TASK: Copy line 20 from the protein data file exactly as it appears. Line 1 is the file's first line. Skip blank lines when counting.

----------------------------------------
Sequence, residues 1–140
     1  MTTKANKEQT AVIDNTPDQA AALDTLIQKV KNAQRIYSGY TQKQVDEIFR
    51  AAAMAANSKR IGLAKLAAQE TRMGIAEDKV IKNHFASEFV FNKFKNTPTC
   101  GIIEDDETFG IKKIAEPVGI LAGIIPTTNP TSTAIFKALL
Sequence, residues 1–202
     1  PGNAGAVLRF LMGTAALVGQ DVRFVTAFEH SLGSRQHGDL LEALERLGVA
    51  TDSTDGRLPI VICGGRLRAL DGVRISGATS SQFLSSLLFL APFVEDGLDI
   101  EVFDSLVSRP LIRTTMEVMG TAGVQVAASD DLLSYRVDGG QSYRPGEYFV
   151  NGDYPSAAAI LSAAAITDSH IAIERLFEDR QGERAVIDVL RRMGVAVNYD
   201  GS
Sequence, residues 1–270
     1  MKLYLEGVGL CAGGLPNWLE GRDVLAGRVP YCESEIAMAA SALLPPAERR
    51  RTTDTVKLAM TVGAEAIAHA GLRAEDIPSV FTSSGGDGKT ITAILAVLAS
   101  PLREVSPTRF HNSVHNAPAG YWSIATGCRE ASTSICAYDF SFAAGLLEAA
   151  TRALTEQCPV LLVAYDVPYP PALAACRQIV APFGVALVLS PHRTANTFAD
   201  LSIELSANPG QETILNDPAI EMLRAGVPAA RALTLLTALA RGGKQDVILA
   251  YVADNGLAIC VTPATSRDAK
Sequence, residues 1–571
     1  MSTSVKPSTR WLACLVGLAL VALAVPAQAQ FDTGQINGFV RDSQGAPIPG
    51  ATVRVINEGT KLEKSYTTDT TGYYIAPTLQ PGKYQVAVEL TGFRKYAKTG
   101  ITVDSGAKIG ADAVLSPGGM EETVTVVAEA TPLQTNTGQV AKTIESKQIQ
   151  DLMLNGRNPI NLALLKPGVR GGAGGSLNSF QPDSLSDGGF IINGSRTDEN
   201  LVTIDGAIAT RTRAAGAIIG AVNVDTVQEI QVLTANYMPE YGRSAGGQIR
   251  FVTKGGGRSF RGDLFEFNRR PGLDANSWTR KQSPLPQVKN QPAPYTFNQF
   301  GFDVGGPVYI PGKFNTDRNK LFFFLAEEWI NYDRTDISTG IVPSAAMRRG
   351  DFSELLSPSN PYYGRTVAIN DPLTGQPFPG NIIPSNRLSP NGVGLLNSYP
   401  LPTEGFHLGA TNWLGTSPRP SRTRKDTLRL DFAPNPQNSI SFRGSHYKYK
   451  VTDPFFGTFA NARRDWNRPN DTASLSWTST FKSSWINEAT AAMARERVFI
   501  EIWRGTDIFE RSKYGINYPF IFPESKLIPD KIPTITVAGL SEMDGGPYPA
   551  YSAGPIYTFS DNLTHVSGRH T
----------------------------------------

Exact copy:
    51  ATVRVINEGT KLEKSYTTDT TGYYIAPTLQ PGKYQVAVEL TGFRKYAKTG